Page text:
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The Effect of Solar Irradiance on the Mortality of Phakopsora pachyrhizi Urediniospores
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Soybean rust, caused by Phakopsora pachyrhizi, may be the most important foliar disease of soybean. Within the last 10 years, the fungus has moved to many new geographical locations via spread of airborne urediniospores. The objective of this study was to determine the relationship between urediniospore viability and exposure to solar radiation. Urediniospores of P. pachyrhizi were exposed in Capitán Miranda, Paraguay, to determine the deleterious effects of sunlight. Concomitant total solar (0.285 to 2.8 μm) and ultraviolet (0.295 to 0.385 μm) irradiance measurements were used to predict urediniospore germination. Urediniospores exposed to doses of solar and ultraviolet (UV) radiation >or= 27.3 MJ/m2 and >or= 1.2 MJ/m2, respectively, did not germinate. The proportions of urediniospores that germinated, normalized with respect to the germination proportion for unexposed urediniospores from the same collections, were a linear function of solar irradiance (R2 = 0.83). UV measurements predicted normalized germination proportions equally well. Results of inoculation experiments with exposed P. pachyrhizi urediniospores supported the results of the germination trials, although the effects of moderate levels of irradiance varied. The relationship between urediniospore viability and exposure to solar radiation has been incorporated into the U.S. Department of Agriculture's soybean rust aerobiological model that provides North American soybean growers with decision support for managing soybean rust.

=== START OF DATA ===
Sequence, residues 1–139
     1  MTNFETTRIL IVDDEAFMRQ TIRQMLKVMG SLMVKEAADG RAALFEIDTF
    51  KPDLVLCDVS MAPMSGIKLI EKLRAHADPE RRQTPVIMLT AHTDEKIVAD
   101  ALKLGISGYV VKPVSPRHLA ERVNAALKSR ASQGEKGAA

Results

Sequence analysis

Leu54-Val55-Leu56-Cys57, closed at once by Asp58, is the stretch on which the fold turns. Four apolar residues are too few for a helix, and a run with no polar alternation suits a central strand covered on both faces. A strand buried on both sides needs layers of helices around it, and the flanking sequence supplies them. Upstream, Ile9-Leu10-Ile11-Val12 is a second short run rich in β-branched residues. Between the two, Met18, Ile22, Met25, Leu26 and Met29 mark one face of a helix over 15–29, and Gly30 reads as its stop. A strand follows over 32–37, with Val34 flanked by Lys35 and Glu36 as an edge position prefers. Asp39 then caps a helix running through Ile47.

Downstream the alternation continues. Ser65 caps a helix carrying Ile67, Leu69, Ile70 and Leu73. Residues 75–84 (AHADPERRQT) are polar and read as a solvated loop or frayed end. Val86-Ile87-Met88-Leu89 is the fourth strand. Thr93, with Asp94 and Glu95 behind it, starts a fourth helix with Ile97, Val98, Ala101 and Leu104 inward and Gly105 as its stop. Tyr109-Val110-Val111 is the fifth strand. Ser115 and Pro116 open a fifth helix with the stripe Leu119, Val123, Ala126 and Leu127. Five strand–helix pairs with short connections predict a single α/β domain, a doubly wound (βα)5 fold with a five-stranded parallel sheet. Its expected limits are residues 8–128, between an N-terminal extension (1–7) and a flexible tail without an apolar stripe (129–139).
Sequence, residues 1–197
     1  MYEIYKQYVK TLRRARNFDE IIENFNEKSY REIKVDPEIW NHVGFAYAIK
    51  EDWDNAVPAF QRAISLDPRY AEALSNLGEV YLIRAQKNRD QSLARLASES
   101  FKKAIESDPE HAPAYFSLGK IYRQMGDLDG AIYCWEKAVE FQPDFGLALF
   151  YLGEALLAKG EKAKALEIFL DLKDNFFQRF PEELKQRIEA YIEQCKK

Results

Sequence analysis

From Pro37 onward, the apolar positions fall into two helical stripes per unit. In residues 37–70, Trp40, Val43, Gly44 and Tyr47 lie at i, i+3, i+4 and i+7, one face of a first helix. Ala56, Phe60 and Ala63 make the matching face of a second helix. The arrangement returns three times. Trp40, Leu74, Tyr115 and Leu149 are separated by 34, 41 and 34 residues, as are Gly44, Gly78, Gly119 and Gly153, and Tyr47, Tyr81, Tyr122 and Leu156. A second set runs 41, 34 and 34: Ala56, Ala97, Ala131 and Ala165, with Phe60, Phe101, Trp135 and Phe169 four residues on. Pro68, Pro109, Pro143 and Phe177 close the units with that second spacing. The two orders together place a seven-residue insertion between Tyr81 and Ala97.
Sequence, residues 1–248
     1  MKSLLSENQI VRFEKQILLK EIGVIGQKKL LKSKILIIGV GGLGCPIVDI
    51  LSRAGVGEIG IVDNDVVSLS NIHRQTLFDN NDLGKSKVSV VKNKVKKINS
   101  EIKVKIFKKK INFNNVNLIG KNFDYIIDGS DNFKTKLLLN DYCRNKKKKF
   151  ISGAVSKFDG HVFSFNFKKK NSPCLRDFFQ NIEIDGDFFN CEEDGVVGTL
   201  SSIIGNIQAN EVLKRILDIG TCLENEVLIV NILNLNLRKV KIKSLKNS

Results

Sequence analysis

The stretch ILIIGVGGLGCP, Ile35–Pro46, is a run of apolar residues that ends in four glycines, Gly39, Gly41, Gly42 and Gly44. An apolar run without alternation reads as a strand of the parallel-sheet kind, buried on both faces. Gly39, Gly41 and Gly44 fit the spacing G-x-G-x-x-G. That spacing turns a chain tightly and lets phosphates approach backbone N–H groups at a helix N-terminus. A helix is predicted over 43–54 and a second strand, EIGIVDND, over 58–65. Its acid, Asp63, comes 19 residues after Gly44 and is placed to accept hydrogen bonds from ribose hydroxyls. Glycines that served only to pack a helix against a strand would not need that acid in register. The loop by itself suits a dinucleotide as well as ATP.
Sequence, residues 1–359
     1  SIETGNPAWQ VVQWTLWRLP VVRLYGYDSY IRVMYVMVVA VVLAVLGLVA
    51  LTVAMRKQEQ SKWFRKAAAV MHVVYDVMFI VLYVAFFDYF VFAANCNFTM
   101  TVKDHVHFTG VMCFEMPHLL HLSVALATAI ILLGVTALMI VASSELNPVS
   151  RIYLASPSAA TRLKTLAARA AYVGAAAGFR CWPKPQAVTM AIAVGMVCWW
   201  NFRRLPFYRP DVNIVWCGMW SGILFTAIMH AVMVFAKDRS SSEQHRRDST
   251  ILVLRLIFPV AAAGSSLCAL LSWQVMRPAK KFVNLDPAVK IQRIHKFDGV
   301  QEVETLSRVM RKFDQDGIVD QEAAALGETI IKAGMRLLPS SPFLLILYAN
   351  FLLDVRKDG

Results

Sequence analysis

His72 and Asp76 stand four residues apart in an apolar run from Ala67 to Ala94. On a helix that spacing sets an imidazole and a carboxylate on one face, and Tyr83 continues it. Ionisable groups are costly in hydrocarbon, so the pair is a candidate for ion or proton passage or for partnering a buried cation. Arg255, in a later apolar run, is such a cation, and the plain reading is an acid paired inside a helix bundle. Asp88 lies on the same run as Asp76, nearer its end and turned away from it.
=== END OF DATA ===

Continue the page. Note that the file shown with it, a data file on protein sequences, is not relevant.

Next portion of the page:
De Wolf, E.D.
Plant disease: an international journal of applied plant pathology 2006 July, v. 90, no. 7
Journal Articles, USDA Authors, Peer-Reviewed
Works produced by employees of the U.S. Government as part of their official duties are not copyrighted within the U.S. The content of this document is not copyrighted.
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